MF: See, now I'm disappointed. I'm assumed it was, "Oh yeah, every old-school drag queen knows this trick!"

Stephens: Exactly. It's like Dippity-Do.

MF: Udo has said that he insisted as much as possible you shot this chronologically. Does that present a challenge for you? Or is that difficult?

Stephens: Normally, it's just impossible. Because let's say you have a bar scene that takes place at the beginning, middle and end. You have to shoot all of that in one day. You just have to. But it just so happened that with this movie, because he goes from one place to the other and never comes back to anything, that it was possible to shoot it in sequence. So he kept saying that to me every time I talked to him. It's like, "We've got to shoot in sequence and start at the nursing home. Can we start at the nursing home?" And I told my AD and stuff, that that was very important, and it worked pretty naturally. And I really do think that that helped both of us to make everything more real. Udo says, "Had we shot the chandelier scene at the beginning of the movie, it just wouldn't have worked. It wouldn't have been the same." So he really was on that journey throughout the shoot. And that's part of why I think it works so well.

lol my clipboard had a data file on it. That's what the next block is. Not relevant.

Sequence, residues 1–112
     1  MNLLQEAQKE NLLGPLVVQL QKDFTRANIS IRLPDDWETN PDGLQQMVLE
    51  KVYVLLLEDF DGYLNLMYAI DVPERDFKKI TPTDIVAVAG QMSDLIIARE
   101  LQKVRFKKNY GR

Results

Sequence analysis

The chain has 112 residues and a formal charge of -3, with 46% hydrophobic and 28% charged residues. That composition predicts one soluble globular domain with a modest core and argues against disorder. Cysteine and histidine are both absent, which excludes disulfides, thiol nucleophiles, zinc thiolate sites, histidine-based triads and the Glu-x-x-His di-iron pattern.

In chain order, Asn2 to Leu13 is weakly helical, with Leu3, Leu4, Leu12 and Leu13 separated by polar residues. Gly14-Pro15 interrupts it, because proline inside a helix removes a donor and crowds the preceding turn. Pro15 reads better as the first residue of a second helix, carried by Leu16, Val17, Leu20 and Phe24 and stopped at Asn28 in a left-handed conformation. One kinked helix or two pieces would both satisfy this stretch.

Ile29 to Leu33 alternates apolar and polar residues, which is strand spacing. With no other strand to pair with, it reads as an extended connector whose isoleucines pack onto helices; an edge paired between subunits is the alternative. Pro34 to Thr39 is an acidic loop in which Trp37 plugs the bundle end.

MF: You bring in Jennifer Coolidge, but you don't do what everybody else does with her, which is to bring her in for a couple of scenes that she totally steals, leaving a mark on the movie. Instead, she's a real person in this town. How did you work with her on this role?

Stephens: Exactly. She was actually, she loved the script so much, and it really touched her, but she actually wanted to play a different part in the script. And because she's not used to being the bad guy or the heavy. And I think, she's always like, "I'm always the girl, the woman that everybody loves." And so I think it took her a little while to wrap her brain around it. But I was like, "Come on, let's do something different. Let's push it. Let's show another side of you." And ultimately, she fully embraced that. And I mean, I'm just so proud of what she did in the film because she's still funny, but there's also a sadness or just another dimension that I've never really seen from her. Although now I'm watching 'White Lotus,' and she's so brilliant in that.